Editor’s note: Syndicated columnist David Broder died Wednesday at age 81. Of the many hundreds of Broder’s columns that the Washington Post Writers Group could cite in tribute, this one from May 1992 stands out because it shows his fundamental honesty as he confronts his own — and the country’s— failings when it comes to healing the scars of slavery and racism.
WASHINGTON — Having grown up in the Chicago area, rooting for years for the luckless Cubs and more recently for the hapless Washington Nationals, I feel particularly qualified to comment on the Obama administration’s struggles to find a useful role to play in the crisis wracking Egypt and the wider Arab world, let alone the blizzards in the Midwest and New England.
WASHINGTON — This was a sad time for many of us watching Charlie Rangel receive the censure of his colleagues in the House of Representatives — not because of our disagreement with their judgment but simply because of who he is.
WASHINGTON — The two-day delay until Friday that Erskine Bowles and Alan Simpson obtained before their debt-management commission decides on their tough-medicine recommendations may not be enough to produce the votes needed to send those proposals on to Congress.
WASHINGTON — Suppose he is serious.
What if Barack Obama is telling the truth about his own beliefs when he says that neither party by itself can realistically hope to solve the challenges facing the United States?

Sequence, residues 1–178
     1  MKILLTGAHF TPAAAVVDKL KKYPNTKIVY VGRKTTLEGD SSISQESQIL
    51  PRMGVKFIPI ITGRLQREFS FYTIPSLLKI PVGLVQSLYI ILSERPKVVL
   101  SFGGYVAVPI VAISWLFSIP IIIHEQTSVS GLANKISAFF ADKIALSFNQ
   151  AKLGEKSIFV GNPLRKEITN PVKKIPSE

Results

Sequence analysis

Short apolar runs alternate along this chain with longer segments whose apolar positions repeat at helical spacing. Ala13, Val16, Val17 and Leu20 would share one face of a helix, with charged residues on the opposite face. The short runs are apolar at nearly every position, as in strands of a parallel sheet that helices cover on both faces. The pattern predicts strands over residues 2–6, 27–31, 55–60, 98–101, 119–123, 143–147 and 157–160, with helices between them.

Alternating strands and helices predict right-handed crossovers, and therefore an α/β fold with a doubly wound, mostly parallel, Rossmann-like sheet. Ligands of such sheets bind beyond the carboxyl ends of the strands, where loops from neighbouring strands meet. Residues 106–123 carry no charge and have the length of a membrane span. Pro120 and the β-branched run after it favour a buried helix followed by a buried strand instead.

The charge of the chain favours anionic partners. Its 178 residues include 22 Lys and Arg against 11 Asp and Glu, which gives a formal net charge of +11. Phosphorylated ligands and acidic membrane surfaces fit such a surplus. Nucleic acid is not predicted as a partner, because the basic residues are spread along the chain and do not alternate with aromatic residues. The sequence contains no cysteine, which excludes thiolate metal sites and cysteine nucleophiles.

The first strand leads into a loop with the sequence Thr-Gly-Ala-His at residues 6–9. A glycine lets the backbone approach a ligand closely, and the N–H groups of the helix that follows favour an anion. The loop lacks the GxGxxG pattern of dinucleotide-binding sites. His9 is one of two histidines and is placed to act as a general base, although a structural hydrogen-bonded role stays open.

WASHINGTON — If you have any doubts about the real meaning of this month’s midterm elections, let me refer you to the most notable winner in those tests. I am talking about Lisa Murkowski, the re-elected senator from Alaska.
WASHINGTON — Washington began last week to come to grips with the new order of things, a regime in which Senate Minority Leader Mitch McConnell holds as much sway as the president of the United States.
WASHINGTON — When the rules of the House of Representatives forced the Democrats to confront a painful choice among their leaders, they did what Democrats are often inclined to do. They changed the rules.
WASHINGTON — When the midterm election cycle began, the prevailing opinion was that Barack Obama was cleverer and more inspirational than anyone else on the scene. As it ends, nothing appears to have changed.
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